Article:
Google Will Scan 10 Million More University Books

Remember: their plan is to scan every book in the world.

U makes deal with Google to put up to 1 million books online.

By Mary Jane Smetanka, Star Tribune

Up to 1 million books in the University of Minnesota's libraries will become part of Google's project to put every book in the world online, U officials said this morning.

The new agreement is between Google, the Big Ten institutions and the University of Chicago. Google will scan up to 10 million volumes from libraries at those institutions.
"We're talking about library collections developed over 150-plus years," said U of M Librarian Wendy Pradt Lougee. "This is a true national resource, as much for its diversity as for its sheer size."

Among the distinctive U collections that will be targeted first for scanning are books on Scandinavian history, literature and culture; forestry; bees and beekeeping; and medicine, including oncology, radiation and pediatrics.

Google's library project, which was announced in 2004, has been controversial. Some publishers have sued, saying copyright could be violated. But supporters say the project, which is free for anyone to use, could save researchers weeks or months of research by allowing them to locate sources at the touch of a mouse.

The contract with the U and other schools in the new agreement will allow Google to scan entire books into its system if they were published before 1923. For works that are copyrighted, Google will provide a few sentences of the work online and then direct readers to libraries that have the book or to bookstores that sell it.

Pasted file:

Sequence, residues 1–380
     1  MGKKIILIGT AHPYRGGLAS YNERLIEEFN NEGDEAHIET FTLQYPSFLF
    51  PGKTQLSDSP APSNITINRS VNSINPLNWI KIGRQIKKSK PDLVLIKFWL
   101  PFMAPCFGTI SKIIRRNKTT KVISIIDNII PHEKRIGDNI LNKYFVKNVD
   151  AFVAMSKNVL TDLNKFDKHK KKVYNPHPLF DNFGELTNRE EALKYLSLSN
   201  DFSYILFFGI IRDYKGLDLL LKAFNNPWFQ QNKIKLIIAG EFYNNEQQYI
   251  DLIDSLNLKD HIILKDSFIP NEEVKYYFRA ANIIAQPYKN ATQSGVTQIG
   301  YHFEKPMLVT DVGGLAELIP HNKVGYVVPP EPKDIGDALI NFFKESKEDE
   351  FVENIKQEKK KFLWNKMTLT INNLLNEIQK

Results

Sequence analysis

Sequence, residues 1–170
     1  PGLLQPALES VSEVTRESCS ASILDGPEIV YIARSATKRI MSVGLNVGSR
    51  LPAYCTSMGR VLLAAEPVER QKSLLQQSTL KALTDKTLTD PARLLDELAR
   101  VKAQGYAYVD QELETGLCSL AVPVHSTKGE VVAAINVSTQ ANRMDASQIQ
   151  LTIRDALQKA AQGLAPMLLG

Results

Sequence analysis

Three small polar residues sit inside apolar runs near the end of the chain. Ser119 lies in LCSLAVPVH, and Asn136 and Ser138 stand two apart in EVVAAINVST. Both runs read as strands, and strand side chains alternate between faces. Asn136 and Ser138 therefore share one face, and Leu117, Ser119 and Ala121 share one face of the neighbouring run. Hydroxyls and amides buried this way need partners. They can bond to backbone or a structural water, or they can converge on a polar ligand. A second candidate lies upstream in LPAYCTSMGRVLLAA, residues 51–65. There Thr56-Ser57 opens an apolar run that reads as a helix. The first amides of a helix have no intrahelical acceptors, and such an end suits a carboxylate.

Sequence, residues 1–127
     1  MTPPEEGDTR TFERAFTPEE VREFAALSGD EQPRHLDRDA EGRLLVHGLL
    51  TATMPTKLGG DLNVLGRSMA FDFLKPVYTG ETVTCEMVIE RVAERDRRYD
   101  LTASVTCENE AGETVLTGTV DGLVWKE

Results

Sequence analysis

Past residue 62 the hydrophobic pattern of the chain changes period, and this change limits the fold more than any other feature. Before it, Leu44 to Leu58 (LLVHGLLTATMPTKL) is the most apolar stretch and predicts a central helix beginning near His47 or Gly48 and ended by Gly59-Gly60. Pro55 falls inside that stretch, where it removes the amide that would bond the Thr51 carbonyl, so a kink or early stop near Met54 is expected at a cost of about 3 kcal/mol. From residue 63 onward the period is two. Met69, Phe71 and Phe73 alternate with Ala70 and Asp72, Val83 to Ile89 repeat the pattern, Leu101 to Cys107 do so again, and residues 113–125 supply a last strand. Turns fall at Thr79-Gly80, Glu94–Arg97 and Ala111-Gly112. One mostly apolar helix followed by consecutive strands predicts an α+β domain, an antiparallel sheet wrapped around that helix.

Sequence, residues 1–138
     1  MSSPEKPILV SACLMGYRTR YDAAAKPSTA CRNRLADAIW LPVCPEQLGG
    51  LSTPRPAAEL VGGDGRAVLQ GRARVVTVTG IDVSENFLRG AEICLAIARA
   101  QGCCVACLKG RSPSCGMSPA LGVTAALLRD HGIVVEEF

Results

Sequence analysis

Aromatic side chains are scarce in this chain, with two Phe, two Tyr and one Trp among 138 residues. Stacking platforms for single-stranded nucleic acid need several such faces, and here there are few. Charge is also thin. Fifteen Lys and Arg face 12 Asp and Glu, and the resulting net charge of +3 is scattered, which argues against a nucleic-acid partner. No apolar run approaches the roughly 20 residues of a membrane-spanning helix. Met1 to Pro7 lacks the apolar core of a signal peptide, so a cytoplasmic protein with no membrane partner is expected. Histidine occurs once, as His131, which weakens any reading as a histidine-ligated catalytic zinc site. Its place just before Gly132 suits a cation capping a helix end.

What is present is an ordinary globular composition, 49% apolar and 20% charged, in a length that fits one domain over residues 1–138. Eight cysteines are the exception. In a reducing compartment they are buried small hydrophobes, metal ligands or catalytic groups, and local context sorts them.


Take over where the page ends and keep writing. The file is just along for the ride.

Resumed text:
The contract with the U is for six years with an option to renew. No money will change hands. Google essentially is digitizing large parts of the U library for free. If the U did it itself, it would take years and cost about $60 per volume.

Lougee said the project doesn't mean the death of traditional libraries. On the contrary, she said, her previous experience at the University of Michigan with 19th-century collections that had been buried in stacks but were digitized shows that "hidden treasures" can be opened to the world. More people came to see and use those documents in person once they could be seen online, she said.

"They got 1 million [online] hits a month worldwide, and comments from people all over the world," she said. "You see the power the search gives, and the way it can lead people to the real thing."

Twenty-five universities from around the world have now opened their libraries to Google. They include the University of Michigan, University of California system, Harvard, Stanford and the University of Oxford in England. The New York Public Library also is involved.


Anonymous said...

I notice that you've posted quite a bit about Google, perhaps your most popular non-Jewish topic. I'm curious why that is.

Especially given:

Anonymous said...

I assume it does not have to do with the fact that the Google ad on your site promotes a link that wants us to believe in Jesus.

Tzvee Zahavy said...

those were kvetches alrighty

Anonymous said...

That was a non-reply alrighty.